Only a few days to go: We’re raising £25,000 to keep TheyWorkForYou running and make sure people across the UK can hold their elected representatives to account.Donate to our crowdfunder
“and setting out the number of permits requested, granted and refused”.
This amendment would require the Secretary of State to report on the number of permits requested, granted and refused.
The Committee will be pleased to know that this is the last amendment I have tabled to this part of the Bill.
The amendment looks at the way the permit system is operating, how it is working—or perhaps not working—and providing the data necessary for Parliament to carry out its scrutiny function. It is a simple amendment that asks Ministers to set out
“the number of permits requested, granted and refused”,
so that there can be real understanding of why permits are refused, and of the level of refusal, should that situation occur. It would also be useful for the industry to get a detailed understanding of processes that the Government operate over their permit arrangements, hopefully leading to a reduction in the number of permits refused in the future. This is not only an informative amendment, but again, one that deals with gathering simple data. I am sure we are looking at only a small number of permits that will be refused, but I believe that this is a sensible amendment, which will help with the scrutiny function over how well the Bill operates in the future.
“to consider how best to review the impacts of any permit scheme, should one be required.” —[Official Report, House of Lords,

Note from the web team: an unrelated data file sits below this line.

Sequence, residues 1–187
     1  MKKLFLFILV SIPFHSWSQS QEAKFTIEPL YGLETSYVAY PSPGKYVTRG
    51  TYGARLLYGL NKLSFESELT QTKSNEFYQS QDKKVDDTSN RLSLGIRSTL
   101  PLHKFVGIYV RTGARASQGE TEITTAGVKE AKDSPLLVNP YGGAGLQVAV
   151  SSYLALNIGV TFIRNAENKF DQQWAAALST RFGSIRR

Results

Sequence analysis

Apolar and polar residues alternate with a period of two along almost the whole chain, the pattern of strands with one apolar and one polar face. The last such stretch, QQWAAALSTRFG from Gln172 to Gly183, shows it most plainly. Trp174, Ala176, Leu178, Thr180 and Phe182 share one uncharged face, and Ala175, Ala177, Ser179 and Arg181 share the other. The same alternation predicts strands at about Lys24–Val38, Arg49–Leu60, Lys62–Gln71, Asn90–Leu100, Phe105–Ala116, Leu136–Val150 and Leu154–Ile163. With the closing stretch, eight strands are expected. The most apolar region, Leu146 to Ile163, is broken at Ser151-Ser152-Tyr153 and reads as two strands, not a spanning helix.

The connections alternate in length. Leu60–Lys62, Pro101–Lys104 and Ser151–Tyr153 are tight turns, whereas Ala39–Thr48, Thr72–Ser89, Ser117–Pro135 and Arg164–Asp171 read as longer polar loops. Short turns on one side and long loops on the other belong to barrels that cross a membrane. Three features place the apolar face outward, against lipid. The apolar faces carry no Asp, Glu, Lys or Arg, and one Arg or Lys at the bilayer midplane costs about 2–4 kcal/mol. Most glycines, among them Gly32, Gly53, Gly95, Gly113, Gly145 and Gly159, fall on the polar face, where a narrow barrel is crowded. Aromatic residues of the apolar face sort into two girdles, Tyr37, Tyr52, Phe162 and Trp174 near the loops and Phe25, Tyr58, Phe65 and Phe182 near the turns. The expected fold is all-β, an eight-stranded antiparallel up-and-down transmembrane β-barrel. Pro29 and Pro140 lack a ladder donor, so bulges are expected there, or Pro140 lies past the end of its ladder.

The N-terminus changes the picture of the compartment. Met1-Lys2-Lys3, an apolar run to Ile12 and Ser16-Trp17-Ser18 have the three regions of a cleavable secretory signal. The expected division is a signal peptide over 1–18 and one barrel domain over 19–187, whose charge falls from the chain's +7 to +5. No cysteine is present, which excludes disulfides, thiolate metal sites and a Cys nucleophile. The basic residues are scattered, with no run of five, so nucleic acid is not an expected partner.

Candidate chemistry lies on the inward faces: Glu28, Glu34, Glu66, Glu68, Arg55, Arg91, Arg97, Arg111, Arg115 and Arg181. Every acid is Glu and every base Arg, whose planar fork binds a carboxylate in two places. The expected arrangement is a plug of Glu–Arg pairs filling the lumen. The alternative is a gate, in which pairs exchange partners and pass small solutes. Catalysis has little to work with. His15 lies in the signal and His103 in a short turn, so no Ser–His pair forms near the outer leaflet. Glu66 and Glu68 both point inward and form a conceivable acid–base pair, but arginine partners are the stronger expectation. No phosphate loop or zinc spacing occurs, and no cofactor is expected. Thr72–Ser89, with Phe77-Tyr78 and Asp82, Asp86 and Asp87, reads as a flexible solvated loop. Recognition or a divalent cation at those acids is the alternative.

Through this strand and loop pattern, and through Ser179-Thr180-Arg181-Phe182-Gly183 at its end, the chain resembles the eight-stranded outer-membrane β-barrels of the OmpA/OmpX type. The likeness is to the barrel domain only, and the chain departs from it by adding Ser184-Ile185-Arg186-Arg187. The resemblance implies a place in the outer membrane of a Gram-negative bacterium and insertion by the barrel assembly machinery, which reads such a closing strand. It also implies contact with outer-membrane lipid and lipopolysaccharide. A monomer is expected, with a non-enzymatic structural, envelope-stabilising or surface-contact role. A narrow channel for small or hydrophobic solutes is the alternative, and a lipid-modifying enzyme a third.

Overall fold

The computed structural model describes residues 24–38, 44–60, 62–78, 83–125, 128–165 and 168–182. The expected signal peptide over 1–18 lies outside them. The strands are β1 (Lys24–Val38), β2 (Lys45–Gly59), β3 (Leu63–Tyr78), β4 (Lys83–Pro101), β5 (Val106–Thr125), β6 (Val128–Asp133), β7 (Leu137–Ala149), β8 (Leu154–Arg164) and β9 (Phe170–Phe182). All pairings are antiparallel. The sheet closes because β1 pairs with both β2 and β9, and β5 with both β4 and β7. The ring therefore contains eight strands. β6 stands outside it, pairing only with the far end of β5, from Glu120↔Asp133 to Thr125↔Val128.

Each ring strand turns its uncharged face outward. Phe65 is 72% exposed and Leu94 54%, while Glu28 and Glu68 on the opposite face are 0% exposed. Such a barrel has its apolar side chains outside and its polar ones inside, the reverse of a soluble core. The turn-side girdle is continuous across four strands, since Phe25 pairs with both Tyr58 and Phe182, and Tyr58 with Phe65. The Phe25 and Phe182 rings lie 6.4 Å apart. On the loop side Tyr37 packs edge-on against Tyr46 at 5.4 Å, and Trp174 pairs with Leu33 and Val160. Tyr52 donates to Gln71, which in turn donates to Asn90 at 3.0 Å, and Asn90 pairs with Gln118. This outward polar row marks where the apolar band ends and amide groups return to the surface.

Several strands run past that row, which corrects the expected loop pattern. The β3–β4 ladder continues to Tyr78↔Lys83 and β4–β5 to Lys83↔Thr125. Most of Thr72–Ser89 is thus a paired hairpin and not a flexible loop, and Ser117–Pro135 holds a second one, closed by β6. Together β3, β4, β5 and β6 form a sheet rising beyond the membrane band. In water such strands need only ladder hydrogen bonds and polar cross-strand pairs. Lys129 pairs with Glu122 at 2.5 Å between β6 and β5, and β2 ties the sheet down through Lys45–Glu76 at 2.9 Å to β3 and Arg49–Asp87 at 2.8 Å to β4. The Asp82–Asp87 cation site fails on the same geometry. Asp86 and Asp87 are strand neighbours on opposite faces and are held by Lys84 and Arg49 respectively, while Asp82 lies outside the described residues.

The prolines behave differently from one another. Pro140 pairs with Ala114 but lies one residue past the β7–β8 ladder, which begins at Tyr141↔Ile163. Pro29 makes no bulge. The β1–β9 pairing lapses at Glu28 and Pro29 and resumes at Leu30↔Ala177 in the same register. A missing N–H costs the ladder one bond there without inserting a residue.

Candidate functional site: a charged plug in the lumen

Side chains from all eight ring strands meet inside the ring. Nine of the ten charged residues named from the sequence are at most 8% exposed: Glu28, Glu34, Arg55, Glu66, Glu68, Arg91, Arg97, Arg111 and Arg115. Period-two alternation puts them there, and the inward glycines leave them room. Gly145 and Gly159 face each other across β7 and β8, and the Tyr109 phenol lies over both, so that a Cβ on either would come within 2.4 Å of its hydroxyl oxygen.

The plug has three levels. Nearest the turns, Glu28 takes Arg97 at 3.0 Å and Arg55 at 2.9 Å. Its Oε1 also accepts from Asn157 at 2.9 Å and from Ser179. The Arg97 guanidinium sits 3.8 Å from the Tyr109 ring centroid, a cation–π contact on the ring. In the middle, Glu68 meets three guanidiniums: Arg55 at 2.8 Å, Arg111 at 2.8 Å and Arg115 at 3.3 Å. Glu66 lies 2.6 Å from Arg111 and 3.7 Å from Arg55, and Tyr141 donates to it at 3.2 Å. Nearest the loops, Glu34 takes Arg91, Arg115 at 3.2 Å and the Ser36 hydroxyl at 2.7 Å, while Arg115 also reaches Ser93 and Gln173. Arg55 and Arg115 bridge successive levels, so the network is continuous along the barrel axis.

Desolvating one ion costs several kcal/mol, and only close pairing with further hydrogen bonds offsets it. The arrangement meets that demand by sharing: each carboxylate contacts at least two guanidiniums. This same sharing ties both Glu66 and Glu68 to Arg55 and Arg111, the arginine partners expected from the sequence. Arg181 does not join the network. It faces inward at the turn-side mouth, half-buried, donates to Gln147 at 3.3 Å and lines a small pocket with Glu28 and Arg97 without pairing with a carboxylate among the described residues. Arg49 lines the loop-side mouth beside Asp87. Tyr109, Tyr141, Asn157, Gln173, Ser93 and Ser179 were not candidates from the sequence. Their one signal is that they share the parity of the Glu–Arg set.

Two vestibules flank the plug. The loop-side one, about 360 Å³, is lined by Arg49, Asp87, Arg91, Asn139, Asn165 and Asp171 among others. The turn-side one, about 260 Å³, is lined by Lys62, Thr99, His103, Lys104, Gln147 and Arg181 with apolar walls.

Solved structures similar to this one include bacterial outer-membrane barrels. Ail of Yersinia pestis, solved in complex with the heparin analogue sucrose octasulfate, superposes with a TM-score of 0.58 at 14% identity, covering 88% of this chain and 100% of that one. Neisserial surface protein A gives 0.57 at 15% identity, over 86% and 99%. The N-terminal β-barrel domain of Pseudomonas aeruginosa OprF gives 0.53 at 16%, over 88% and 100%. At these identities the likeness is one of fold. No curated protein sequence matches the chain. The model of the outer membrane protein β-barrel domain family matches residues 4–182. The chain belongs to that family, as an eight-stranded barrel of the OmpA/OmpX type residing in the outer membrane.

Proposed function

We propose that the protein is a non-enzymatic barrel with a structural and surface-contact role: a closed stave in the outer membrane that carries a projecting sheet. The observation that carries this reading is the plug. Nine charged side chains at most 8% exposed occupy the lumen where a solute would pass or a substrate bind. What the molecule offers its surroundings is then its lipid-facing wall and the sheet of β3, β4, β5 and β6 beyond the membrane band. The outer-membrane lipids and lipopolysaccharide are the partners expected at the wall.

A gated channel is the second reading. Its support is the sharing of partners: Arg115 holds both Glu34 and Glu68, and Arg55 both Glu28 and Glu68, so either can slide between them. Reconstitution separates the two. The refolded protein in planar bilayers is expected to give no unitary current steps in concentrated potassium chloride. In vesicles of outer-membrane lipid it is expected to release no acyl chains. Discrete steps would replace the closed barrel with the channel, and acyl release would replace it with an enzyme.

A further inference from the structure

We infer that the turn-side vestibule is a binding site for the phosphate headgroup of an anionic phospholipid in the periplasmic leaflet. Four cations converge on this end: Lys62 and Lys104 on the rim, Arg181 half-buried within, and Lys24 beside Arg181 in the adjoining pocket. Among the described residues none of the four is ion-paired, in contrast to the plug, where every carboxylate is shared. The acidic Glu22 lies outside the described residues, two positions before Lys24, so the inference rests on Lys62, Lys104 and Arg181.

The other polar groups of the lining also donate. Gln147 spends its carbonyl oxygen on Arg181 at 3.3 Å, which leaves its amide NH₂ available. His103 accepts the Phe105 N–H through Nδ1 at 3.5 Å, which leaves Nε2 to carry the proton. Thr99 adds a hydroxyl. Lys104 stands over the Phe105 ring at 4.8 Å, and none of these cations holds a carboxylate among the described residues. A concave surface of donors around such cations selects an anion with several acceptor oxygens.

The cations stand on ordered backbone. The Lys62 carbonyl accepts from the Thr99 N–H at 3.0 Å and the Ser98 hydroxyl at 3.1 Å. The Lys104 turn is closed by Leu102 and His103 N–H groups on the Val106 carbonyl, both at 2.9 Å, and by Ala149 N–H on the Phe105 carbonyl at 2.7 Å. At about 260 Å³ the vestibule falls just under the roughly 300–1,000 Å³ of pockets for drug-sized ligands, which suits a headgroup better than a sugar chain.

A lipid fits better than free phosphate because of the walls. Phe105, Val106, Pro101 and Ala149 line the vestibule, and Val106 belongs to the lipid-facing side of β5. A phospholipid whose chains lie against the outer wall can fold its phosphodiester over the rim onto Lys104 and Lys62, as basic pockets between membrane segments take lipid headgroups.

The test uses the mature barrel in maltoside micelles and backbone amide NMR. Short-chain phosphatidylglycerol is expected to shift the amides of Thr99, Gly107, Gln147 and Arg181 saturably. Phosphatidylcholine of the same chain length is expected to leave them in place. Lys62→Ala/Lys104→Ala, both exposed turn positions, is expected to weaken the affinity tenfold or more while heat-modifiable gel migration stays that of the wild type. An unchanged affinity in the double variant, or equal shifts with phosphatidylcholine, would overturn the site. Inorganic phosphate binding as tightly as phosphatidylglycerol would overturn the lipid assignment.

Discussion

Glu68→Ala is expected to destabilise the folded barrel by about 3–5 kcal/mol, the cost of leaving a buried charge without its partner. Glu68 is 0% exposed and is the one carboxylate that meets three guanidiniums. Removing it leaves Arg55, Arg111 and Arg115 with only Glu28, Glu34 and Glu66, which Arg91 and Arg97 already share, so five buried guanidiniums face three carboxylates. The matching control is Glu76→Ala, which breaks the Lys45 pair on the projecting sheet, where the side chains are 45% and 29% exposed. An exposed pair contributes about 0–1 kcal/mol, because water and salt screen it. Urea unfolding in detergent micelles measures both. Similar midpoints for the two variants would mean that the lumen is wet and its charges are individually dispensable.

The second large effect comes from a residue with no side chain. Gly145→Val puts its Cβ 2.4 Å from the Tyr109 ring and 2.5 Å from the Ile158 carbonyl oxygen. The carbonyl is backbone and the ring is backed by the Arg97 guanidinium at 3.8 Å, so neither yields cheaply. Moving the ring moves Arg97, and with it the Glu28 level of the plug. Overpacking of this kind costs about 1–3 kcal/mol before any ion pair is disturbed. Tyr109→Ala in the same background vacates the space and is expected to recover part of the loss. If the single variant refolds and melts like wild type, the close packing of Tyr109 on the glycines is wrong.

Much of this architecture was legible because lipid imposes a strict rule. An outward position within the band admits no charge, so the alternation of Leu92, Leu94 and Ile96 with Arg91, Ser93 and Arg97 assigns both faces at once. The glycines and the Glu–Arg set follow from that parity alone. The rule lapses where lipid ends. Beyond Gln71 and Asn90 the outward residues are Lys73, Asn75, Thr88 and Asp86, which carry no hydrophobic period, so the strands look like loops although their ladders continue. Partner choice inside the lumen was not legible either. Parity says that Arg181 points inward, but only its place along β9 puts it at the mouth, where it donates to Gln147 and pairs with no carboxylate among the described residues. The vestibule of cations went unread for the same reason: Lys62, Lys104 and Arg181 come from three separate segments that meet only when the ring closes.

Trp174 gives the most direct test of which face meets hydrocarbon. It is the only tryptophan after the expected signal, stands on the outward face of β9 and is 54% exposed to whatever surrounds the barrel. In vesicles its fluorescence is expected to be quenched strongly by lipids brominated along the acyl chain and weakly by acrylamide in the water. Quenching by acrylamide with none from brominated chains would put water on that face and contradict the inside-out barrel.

We have been clear that we are seeking continued liberalised access to the EU. However, I recognise that there is some concern about the impact of any limited scheme on the haulage industry. If a report is required under clause 9, the Government would naturally plan for this to include the number of permits requested, granted or refused, and I can give the hon. Lady that assurance. Accordingly, I do not believe that the amendment requires the Secretary of State to do anything that he would not expect to do in any case. For that reason, the amendment is unnecessary and I ask the hon. Lady to consider withdrawing it.
Will the Minister reflect on how he communicates how the refusal system is working? While I take on board what he has said, clearly there is concern that if there are refusals, greater understanding is needed around that, and whether that is due to the limitation on the number of permits provided—a concern I raised earlier—or to applicants not complying with the permit scheme’s requirements.
We are talking about circumstances in which a report is required. If so—and that may not be the case—the Government would plan for this to include the number of permits requested, granted or refused. Inevitably, that then becomes a matter for official discussion, scrutiny and further consideration. Of course, it is also a matter that can be raised and debated in Parliament. The hon. Lady should feel some reassurance on that front.